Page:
Talk to 5 different people, and you may get 5 different opinions on living in Harlem. However, most of the negative opinions probably come from people who have never been to Harlem, or haven’t been there in quite some time. And while it’s not the bargain it once was, the cost of living in Harlem is not as great as it is below 110th Street… or whatever is the neighborhood boundary du jour.
Just as certain self-congratulatory downtown friends of mine used to claim that they “never go above 14th Street” (they were lying, but that’s ok), there was once a barrier on both the Upper East Side and Upper West Side, above which people would not consider in their hunt for a Manhattan rental apartment. 86th Street… 96th Street… and, more recently “above the Park” (or, 110th Street), have all been cited in my time here in New York City.
Thing is, because Manhattan (and NYC, for that matter) is constantly changing, to dismiss ANY part of town out of hand when searching for your no-fee rental apartment is to miss out not only on a potentially great deal, but, more important, on a great place to live. A couple of things reminded me of this basic fact of NYC-life these past few weeks, and so thought they might also inspire you to consider living in Harlem.
For example, there’s the East Harlem luxury rental apartment building Tapestry, on 124th Street Street right off Second Avenue (picture at top). Tapestry first started leasing its almost 200 units about two years ago, one of the first Manhattan luxury rentals to be developed in that stretch of East Harlem.
Not only is this place loaded with sought-after amenities–including a Media Lounge with full kitchen and large-screen TV; bike storage and 24-hour attended garage; fitness center and 5,000 square feet of green roof and landscaped terraced–Tapestry also is likely to receive its LEED Gold Certification in the near future.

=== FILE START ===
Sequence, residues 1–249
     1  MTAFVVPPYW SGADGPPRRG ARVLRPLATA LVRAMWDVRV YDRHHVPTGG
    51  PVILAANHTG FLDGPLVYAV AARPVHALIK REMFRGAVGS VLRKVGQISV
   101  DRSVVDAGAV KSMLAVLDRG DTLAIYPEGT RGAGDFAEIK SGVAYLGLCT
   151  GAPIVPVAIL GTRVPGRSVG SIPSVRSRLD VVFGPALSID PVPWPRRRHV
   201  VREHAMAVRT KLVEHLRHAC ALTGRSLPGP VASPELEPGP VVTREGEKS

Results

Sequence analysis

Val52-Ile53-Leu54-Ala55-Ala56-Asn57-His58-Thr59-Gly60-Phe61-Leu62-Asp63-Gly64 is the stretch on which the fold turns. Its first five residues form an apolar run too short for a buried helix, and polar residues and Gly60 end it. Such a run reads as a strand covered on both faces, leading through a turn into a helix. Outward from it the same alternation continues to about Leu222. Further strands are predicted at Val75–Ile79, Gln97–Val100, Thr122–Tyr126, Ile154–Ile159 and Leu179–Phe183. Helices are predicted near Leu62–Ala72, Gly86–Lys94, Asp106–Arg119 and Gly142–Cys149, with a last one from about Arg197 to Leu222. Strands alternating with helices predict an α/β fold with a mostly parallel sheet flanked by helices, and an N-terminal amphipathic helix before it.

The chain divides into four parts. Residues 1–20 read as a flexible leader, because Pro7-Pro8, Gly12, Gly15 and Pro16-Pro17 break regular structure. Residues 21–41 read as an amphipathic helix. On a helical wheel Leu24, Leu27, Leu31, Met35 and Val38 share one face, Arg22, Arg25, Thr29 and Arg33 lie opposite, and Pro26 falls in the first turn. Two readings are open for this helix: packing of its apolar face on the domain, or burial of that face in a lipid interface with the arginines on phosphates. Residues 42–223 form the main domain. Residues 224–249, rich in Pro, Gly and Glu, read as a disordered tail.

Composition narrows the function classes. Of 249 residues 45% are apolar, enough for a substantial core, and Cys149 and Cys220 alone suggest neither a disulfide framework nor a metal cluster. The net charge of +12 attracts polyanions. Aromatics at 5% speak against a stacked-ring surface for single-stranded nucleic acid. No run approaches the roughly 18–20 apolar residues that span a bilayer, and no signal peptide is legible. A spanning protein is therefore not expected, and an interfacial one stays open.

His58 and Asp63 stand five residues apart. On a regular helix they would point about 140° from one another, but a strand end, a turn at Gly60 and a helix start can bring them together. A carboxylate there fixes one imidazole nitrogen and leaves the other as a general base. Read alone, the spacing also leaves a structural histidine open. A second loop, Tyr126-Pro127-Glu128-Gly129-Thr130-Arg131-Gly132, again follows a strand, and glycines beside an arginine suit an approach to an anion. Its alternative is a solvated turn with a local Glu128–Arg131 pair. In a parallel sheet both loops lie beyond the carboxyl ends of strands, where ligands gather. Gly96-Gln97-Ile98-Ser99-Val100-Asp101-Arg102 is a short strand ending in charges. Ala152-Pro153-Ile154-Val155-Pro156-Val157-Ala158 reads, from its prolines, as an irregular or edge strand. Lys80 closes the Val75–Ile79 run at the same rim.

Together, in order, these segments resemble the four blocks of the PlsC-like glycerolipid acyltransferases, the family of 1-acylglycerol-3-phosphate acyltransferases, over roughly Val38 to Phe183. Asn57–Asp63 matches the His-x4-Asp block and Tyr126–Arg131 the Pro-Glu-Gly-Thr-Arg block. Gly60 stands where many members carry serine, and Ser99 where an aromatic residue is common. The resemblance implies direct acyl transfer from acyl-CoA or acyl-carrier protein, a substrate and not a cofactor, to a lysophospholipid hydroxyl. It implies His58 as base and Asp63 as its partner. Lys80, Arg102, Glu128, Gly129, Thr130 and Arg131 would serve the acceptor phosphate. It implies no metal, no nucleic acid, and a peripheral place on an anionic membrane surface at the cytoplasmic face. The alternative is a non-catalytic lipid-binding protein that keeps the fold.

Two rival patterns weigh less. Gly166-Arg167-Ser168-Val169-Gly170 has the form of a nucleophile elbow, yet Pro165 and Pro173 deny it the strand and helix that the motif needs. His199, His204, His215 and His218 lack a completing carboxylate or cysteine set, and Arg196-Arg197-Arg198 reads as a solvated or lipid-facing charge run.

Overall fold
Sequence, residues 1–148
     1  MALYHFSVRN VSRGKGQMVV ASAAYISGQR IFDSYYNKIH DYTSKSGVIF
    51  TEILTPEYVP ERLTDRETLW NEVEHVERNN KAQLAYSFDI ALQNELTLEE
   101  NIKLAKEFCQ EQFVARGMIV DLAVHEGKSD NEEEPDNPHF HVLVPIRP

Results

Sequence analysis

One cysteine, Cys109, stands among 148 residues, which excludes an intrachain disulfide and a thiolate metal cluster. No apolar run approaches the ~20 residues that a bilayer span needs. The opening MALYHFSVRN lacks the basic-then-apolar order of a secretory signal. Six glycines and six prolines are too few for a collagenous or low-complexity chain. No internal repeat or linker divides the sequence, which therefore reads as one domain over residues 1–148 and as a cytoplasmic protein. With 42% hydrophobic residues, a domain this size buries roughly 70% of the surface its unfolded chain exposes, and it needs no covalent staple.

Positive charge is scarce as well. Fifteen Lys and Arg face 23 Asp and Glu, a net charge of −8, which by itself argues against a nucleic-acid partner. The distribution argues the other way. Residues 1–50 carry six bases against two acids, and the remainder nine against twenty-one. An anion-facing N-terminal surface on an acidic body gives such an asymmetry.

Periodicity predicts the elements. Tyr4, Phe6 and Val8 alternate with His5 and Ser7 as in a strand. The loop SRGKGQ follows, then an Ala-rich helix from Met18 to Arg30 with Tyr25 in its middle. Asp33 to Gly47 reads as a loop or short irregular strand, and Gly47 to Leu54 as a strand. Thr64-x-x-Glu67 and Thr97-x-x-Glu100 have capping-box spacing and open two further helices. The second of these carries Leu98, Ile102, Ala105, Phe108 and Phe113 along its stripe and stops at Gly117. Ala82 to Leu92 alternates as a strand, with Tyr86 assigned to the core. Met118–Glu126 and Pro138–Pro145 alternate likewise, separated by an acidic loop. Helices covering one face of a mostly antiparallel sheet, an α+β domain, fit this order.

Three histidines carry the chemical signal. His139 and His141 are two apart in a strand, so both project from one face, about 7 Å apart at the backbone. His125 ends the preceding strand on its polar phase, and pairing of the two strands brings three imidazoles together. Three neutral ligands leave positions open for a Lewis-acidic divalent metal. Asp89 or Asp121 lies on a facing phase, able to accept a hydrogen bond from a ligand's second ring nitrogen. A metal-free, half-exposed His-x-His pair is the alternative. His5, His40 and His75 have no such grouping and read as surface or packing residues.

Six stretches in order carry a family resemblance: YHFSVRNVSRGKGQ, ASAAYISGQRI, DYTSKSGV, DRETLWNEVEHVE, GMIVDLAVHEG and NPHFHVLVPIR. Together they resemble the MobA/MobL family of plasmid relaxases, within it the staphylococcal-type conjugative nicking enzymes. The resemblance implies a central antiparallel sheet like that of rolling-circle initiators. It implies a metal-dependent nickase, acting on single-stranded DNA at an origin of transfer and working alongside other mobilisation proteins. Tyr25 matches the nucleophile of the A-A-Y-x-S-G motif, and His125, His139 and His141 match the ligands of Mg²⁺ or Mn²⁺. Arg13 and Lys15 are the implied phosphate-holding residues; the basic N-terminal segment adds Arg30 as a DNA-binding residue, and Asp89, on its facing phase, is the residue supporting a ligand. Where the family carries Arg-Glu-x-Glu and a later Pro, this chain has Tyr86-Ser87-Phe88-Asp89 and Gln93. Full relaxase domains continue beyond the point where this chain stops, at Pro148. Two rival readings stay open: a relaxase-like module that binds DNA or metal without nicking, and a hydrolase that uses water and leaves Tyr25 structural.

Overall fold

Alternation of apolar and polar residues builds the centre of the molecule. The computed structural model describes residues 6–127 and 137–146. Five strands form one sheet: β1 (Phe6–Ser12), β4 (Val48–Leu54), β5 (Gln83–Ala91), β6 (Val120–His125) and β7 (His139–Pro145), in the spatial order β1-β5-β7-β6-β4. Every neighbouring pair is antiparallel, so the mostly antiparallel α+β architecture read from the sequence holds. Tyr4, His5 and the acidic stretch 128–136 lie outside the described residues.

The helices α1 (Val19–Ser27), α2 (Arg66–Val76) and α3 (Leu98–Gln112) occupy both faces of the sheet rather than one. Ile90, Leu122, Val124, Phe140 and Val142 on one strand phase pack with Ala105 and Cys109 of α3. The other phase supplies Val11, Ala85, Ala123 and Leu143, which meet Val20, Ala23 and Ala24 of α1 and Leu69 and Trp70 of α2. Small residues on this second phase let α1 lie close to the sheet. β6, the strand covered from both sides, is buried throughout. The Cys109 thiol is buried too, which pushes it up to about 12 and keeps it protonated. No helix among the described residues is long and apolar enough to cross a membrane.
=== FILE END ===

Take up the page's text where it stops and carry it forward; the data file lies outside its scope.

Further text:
Other new East Harlem rental apartments have followed, especially after the completion this year of Hunter College’s spanking-new, $137-million Silberman School of Social Work on Third Avenue and 119th Street. And remember: with college campuses come those lively, community-making stores, services, coffee shops and restaurants of the sort that college students want to patronize.
As for shopaholics, East Harlem has the East River Plaza, full of those big box stores you don’t often find in the city. Currently it’s the home of cost-conscious but chic fave Target, as well as Costco, Best Buy, Marshall’s and many other stores.
Meanwhile, over in Harlem (or, West Harlem, as it’s sometimes known), the New York Times Times featured the neighborhood in a recent (totally voyeuristic and therefore totally recommended) Habitats column, zeroing in on the home and community feelings of Lucie Holt, who found herself on Frederick Douglass Boulevard last year by way of first Long Island, then Battery Park City and, originally, southwest London.
Holt is clearly a fan of West Harlem apartment living: “She quickly became enamored of a local florist–no surprise given the profusion of orchids, cacti and other succulents in her apartment–along with Bier International, which advertises itself as Harlem’s first beer garden. ‘Plus we have the best organic supermarket just four blocks away,’ she said. ‘And I’m right near Central Park. How great is that?’” Very great, Lucie Holt., Very great indeed.
Sounds like a ringing endorsement for living in Harlem. So before you head to Brooklyn for something more affordable, consider staying in Manhattan and heading uptown. You may be surprised at what living in Harlem is all about.
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